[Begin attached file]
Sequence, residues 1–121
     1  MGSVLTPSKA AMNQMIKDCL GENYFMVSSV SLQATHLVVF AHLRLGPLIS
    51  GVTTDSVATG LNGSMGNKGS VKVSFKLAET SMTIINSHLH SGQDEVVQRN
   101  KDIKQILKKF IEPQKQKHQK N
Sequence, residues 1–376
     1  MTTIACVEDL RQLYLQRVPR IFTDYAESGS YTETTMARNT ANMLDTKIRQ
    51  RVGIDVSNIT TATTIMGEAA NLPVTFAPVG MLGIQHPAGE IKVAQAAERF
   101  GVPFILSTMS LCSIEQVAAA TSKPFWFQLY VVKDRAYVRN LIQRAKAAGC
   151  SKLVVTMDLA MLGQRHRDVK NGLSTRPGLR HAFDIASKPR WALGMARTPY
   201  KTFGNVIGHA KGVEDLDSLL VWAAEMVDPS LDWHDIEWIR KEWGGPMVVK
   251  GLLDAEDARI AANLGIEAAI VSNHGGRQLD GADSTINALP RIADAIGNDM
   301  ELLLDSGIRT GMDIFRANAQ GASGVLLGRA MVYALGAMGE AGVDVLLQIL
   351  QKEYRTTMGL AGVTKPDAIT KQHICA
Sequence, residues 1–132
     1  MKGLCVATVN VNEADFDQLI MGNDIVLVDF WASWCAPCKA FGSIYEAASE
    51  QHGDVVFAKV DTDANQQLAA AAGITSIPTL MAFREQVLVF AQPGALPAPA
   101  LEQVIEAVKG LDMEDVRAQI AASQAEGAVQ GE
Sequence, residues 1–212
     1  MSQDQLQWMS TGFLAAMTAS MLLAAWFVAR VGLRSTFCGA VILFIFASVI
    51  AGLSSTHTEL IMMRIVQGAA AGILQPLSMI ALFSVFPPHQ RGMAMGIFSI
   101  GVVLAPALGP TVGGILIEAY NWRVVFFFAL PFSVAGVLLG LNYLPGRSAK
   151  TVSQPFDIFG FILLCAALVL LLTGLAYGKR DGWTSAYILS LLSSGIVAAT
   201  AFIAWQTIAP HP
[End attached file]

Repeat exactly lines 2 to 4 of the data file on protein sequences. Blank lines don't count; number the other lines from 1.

     1  MGSVLTPSKA AMNQMIKDCL GENYFMVSSV SLQATHLVVF AHLRLGPLIS
    51  GVTTDSVATG LNGSMGNKGS VKVSFKLAET SMTIINSHLH SGQDEVVQRN
   101  KDIKQILKKF IEPQKQKHQK N